Family Road Trip–Day Three

Today we awakened earlier that we usually do on vacation in order to get to the train station in downtown Albuquerque to take the Rail Runner to Santa Fe.  Apparently, we worried too much about missing it because we arrived really too early and sat around for more than 45 minutes waiting and watching.  I walked around and took several photos of my grandson waiting and of one of the numerous murals one sees in downtown.




I was surprised by the number of people using this train.  It takes one and one half hours to get from downtown Albuquerque to Santa Fe depot because there are quite a few stops on the way including one at Sandia Pueblo and another at Kewa Pueblo.  Photos are forbidden while traveling through Kewa.  The route basically follows the Rio Grande Valley.

I took a few photos from the train and several in Santa Fe.  Good friends, Dino and Zuriash, were already in Santa Fe and picked us up at the depot.  We went to the Chocolate Maven for brunch–my daughter totally loves this restaurant because they have crepes.  We walked around the art exhibits by the church near the square, stopped in a few shops, and just before the return trip on the train, went to Jalapeños for drinks.  A wonderful day with family and friends and a little train trip, my grandson’s first.



























Family Road Trip-Day One

This afternoon, my daughter, grandson, and I headed toward Albuquerque on our first family road trip since last summer when we went to California.  We started late due to the rain causing a leak in a hallway in my house, not just any leak, a very large leak.  Whenever it rained–and it kept raining off and on, so much water accumulated that rapid drips fell to the floor from a dime sized hole in the ceiling.  Now a big black bucket resides on the floor underneath it.  Finally, I found someone to come out and take a look so he at least has some idea what the problem may be.  Nothing toward fixing it will occur until next week.  This will be no tiny project; first the facia has to come off part of the roof so they can locate the cause.  Then, well, it depends on what they find.  The young lady watching the house and caring for Isabella and Rosie can empty a bucket as well as I can so we decided to go ahead and take our weekend road trip.

This storm system covers a wide swath.  Rain signs all the way here, hail enough in one place to cover the sides of Interstate 40 like a light snow, and a deluge coming down from the pass into Albuquerque.  I hate driving in a hard rain; thankfully, my daughter was driving.

We went to dinner about 6:30 at our favorite Italian restaurant, Cabo’s.  I know it seems strange that any visitor to Albuquerque would eat Italian food here.  We discovered this restaurant years ago and always return every time we visit.  We even have certain memories of happenings there–like the time an amusing guy at another table “hit on” one of my handsome exchange students.  Our other favorite restaurant here is only slightly off the square in Old Towne; I have no idea its name.  I go there for the fry bread/sopapillas.  I order other things, but that is really what I want.  Theirs seem different in a subtle, indescribable way.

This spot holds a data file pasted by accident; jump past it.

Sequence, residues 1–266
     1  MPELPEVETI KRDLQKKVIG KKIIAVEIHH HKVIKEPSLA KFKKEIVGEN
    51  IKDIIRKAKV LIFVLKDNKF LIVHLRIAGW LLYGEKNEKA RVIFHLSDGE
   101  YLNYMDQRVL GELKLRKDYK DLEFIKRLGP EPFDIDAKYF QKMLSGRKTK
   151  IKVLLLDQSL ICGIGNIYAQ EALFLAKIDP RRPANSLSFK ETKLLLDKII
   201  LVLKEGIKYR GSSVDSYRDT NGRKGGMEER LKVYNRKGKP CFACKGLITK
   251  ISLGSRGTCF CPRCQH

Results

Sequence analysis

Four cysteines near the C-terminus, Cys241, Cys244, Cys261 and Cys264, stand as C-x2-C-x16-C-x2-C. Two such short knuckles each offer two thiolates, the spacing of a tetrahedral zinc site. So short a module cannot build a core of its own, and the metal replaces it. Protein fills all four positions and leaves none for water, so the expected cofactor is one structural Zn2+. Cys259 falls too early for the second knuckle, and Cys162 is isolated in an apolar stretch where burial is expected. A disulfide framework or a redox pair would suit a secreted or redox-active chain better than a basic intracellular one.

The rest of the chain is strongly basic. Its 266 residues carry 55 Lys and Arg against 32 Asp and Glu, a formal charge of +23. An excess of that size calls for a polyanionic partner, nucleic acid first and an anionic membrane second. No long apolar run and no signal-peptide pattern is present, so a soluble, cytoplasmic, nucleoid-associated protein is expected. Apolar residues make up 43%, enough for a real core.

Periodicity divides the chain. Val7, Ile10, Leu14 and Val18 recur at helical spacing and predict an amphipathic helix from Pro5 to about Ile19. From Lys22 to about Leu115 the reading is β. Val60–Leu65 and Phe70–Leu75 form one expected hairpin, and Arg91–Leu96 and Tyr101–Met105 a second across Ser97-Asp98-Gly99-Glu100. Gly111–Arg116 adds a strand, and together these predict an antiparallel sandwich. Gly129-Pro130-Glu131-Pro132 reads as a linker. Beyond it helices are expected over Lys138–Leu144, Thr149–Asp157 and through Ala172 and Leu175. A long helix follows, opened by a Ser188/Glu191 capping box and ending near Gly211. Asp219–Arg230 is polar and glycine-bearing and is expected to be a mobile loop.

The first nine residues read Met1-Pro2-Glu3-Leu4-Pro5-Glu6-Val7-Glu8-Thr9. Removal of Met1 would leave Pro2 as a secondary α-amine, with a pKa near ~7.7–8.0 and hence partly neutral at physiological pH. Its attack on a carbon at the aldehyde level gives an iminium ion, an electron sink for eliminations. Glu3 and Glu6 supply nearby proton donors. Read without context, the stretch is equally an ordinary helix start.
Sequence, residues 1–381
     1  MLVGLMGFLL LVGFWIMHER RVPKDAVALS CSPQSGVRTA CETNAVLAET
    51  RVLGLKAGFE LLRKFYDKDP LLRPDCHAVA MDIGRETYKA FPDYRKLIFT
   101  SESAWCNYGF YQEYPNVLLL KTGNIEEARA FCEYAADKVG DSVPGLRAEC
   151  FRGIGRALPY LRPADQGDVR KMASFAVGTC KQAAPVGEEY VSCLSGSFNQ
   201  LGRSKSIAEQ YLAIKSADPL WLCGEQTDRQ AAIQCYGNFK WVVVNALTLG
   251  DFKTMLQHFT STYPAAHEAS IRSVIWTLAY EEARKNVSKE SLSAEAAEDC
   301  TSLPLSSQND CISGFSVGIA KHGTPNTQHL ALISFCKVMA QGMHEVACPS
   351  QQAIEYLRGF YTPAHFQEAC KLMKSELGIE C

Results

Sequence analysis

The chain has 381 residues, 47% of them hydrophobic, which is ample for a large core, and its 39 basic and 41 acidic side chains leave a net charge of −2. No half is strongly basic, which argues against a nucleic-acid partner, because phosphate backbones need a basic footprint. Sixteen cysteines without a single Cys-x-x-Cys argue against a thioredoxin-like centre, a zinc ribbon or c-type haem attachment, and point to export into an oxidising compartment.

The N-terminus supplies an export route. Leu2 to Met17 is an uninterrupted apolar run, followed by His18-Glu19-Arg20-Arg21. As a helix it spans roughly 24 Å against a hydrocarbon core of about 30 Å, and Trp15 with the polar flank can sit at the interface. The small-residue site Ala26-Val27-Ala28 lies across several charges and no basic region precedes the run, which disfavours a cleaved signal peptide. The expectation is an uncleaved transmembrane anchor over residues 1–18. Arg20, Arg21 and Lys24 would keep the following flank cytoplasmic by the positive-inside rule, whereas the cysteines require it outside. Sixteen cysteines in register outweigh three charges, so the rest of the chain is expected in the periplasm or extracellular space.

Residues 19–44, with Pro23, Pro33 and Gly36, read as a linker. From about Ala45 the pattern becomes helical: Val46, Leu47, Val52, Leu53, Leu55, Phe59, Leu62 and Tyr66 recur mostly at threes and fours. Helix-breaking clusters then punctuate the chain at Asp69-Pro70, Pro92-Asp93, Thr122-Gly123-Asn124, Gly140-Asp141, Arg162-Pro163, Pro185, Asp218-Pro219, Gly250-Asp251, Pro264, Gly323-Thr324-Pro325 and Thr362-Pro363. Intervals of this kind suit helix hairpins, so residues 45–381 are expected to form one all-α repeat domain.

Now I sit here writing at the hotel swimming pool.  I cannot imagine what my grandson would do in a hotel without a swimming pool.  It remains his first desire anywhere we stay.  He did survive a recent trip to Austin when it was too cold for the pool outside.–perhaps because he discovered the Dragon’s Lair, a little bit of heaven for gamers who love Magic.  His ten year old self is now on the third Harry Potter book.  He informed us at dinner how he deals with life when he is “grounded” from all electronics–he goes into the magic of his imagination.




At the Italian restaurant a couple of years ago during Christmas holidays.




Sitting in the Children’s Museum,
trying to make time fly faster,
waiting on my daughter and grandson.
Still shocked and excessively annoyed:
This is New Mexico and
Laguna Pueblo is just down the road
more or less
and I can’t find a single Silko
book except Ceremony which
I already own and have
read repeatedly.
What’s the matter with people?
They don’t know a thing about
their own heritage except maybe
turquoise and Kachina dolls
probably made in China.
Then there’s me:
not a drop of Indian blood I know of,
obsessed with
corn maidens
puma fetishes
Indian fry bread
Navaho paintings.
The xeroscape garden between me and
the dinosaurs beckons.
If I leave this seat and
my grandson’s and daughter’s
stuff gets stolen…


I photograph myself in the distortion mirrors,

I read Yo, a book about family truth

if there is such a thing,

and think about how much

my sister hates me.